Words cannot express how much I loved this book. From the first page I knew that this was going to be a page-turner. Molly's story on its own made me keep on reading. However , the story of Niamh (Dorothy/Vivian) was 10 times more heartbreaking and uplifting than I anticipated. Parts of this book made me cry like a little girl, I felt all the sorrow and the loneliness of our main protagonist. I also felt joy and hope when she finally got what she longed for her entire life.

There is a lesson in this book not lost on me. Regardless of how many twists and turns your life takes, the people and the circumstances, you will end exactly where you were meant to be. It is the choices you make and how you choose to take what life gives you that makes the difference.

It's an amazing story, one that unfortunately has a base in reality. Orphan children thrown into a system that did not care for their well-being, forced to endure abuse and neglect. We have come a long way, but there is still a long way to go.

This book has inspired me to look for ways to help children like Niamh and Molly. It really kills me to think of the thousands of children enduring similar situations today.
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on January 18, 2016
This gripping page turner based on American history captivates and grips from beginning to end. It left me wrung out, emotionally exhausted yet smiling hopefully at the end. There is enough loss, human rottenness, resignation and stark reality in this book to wipe the smile from any Pollyanna. Yet there are amazing moments when life lightens and sodden emotional clouds part to breathless clarity palpable with hope when a character encounters a healthy connection with someone. In the book, as in life, it takes but few good connections to convince a battered soul into hanging on and keeping on despite the odds. These gritty girls/women survive, find each other through time and we become a tad more enlightened as to USA history and human nature. Orphan Train, A Novel is a really good read. I particularly recommend it for history buffs, genealogists, adoptees, their parents and fostered children of every age.
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on May 4, 2015
I've read other books about this event in history. It is a sad chapter in our nation's history. Treating children like animals at an auction could hardly ever turn out well for anyone. So, that made this story hard to read because of the continuing tragedy and sadness.

Molly's about-change in her attitude was hard for me to relate to....from Goth to normal, given her circumstances, just didn't seem realistic to me. Also, what Vivian does (not wanting to give anything away) is totally unbelievable. When you truly love someone, you want something to remember them by. You don't discard something so precious so as not to be hurt again. In Vivian's case, she clung to the necklace to remember her Gram by, so why would she do what she did? Why wouldn't she keep a reminder of what she loved best in all the world? Seemed too unlikely. And, the ending was just a little too happy and perfect given the circumstances..
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on September 12, 2013
I am a prolific reader, one who will read just about any genre. However, I still am quite picky and if a story does not grab me within the first few chapters, you could say I'm pretty much done. I don't rely on reviews and I have never felt the need to write one until I read the very last word of "Orphan Train". For the life of me, I can not tell you the last time a novel has sucked me in the way this one has and for once I was not disappointed to come to the end of a story - it was that satisfying and a truly "full circle" ending. I will not go into the details of this novel because others have done so, probably much better than I can, but I will say that if I were to name the best book I've read in who knows when, upon pain of death (well, maybe insurmountable pain), I'd have to name this extraordinary novel by Christina Baker Kline. I'll be sure to try her other novels, but I'm afraid I've been spoiled...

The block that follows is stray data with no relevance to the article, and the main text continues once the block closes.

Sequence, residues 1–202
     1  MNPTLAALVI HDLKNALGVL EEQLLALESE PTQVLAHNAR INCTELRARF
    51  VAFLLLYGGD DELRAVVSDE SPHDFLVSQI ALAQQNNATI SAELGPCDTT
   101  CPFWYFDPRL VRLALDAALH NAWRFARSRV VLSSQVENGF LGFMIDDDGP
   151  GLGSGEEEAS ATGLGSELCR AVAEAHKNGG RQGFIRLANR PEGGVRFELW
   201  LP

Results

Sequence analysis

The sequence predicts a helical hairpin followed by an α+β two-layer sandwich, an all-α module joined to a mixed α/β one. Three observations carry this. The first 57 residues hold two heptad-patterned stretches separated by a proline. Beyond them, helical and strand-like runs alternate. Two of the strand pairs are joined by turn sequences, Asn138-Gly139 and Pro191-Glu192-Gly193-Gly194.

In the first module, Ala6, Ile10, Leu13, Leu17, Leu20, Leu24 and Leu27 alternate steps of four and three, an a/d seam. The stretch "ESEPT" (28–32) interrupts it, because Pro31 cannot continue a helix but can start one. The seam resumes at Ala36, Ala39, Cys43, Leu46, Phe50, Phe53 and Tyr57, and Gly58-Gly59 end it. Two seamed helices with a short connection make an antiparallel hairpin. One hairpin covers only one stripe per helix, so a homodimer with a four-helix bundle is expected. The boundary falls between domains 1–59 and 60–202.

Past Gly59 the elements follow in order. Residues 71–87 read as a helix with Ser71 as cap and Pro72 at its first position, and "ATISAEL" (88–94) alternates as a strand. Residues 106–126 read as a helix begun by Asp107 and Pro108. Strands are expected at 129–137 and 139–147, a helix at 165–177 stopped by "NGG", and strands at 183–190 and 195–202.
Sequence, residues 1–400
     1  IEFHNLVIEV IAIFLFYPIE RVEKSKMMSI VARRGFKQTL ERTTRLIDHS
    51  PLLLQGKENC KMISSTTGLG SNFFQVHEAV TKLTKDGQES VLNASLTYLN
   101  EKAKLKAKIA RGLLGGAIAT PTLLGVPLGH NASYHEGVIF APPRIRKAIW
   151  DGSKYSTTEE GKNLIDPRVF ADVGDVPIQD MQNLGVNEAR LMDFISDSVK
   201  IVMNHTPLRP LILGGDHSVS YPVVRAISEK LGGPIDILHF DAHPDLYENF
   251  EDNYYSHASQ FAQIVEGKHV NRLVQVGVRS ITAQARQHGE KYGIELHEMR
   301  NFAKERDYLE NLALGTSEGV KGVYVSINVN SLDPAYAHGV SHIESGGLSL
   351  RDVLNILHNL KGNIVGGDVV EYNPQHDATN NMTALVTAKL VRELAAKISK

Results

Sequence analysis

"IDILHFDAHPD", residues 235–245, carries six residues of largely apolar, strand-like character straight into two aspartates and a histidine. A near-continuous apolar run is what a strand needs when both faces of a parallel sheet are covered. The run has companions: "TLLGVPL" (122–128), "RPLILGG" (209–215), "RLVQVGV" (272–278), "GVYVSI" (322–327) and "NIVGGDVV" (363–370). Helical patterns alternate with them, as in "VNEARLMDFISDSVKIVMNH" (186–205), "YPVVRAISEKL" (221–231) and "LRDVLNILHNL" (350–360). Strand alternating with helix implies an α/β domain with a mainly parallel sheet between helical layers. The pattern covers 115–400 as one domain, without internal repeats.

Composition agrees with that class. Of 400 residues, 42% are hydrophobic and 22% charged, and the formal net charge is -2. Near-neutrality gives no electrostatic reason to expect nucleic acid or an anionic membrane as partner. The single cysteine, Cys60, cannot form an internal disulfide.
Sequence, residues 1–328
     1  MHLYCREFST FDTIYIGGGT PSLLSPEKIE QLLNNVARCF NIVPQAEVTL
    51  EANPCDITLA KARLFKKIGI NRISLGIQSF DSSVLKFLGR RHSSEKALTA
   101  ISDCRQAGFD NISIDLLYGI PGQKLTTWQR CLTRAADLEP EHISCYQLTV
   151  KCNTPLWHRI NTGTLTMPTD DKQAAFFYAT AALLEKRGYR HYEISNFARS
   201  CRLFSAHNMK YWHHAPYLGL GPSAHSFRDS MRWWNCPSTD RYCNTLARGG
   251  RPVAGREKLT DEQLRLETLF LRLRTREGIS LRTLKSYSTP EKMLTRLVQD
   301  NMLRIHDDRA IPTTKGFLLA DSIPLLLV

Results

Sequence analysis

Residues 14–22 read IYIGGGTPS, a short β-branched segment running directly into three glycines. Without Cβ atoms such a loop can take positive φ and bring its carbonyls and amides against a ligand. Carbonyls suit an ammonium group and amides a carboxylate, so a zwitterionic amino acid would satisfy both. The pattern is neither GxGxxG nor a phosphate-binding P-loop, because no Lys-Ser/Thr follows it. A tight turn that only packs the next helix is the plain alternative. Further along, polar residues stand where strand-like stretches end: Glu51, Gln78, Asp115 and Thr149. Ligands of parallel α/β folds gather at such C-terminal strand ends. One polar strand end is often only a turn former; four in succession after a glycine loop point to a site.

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on April 27, 2017
I am an 8th grade girl who read this book as an independent reading assignment. I loved the book and the messages it leaves.
The book begins with Molly, an orphan girl in 2011 living in a foster home. Her foster mother is upset with her but they soon overcome it. Next, we meet Vivian, a nine-year-old Irish girl in the 1930's who goes by Niamh and must board the orphan train. In the present day, Molly and Vivian meet in the present day, when she is 91. Molly needs community service hours because she's been caught stealing a book from the library. Vivian's attic is full of stuff and Molly's job is to help clean it out. This sets the stage for the interweaving of two tales: Vivian's difficult past as an orphan and Molly's present as a foster child. We then see their stories unfold throughout the book.
Orphan Train is a wonderful novel filled with comparisons of Molly and Vivian. Vivian's story is the subject of the book, the Orphan Train. She had emigrated from Ireland with her family as a young girl. At age nine her family was killed in a tenement fire. She, along with hundreds of other orphans was put on a train headed to Minnesota where, it was hoped they would find people to adopt them. Both are moved many times from home to home and Vivian, though her troubles are more extreme, relates to Molly and they form a friendship that crosses generations.
Vivian was first taken home by a family who only wanted free labor. They would lock the refrigerator, make her sleep in the hallway, and wouldn't let her use the indoor restroom. It went from bad to worse. The next family was extremely poor, with many kids, whom Vivian was expected to take care of. None of the parents worked and the dad would hunt squirrels for the family to eat. All of the children shared a room and the mother was very rude to her. Thanks to her kind teacher at school, who took pity on Vivian, she was rescued and her life began to improve dramatically. Vivian found a happy home and a family that adopted her and gave her the name Vivian, after their daughter who had died. She ends up having a good life.
Molly's life is hard but not as hard as Vivian's. Even though her foster parents don't love her and make her eat meat when she is a vegetarian, she isn't treated like slave labor. Learning of Vivian's harsh childhood gives her perspective on her own life and hope for a better future. Throughout the book, the two women bond and learn from each other.
This is a great historical fiction novel. The only thing I disliked about this book is that it is based on real events in America's history. I loved this book and would recommend it to anyone looking for a heart-warming tale.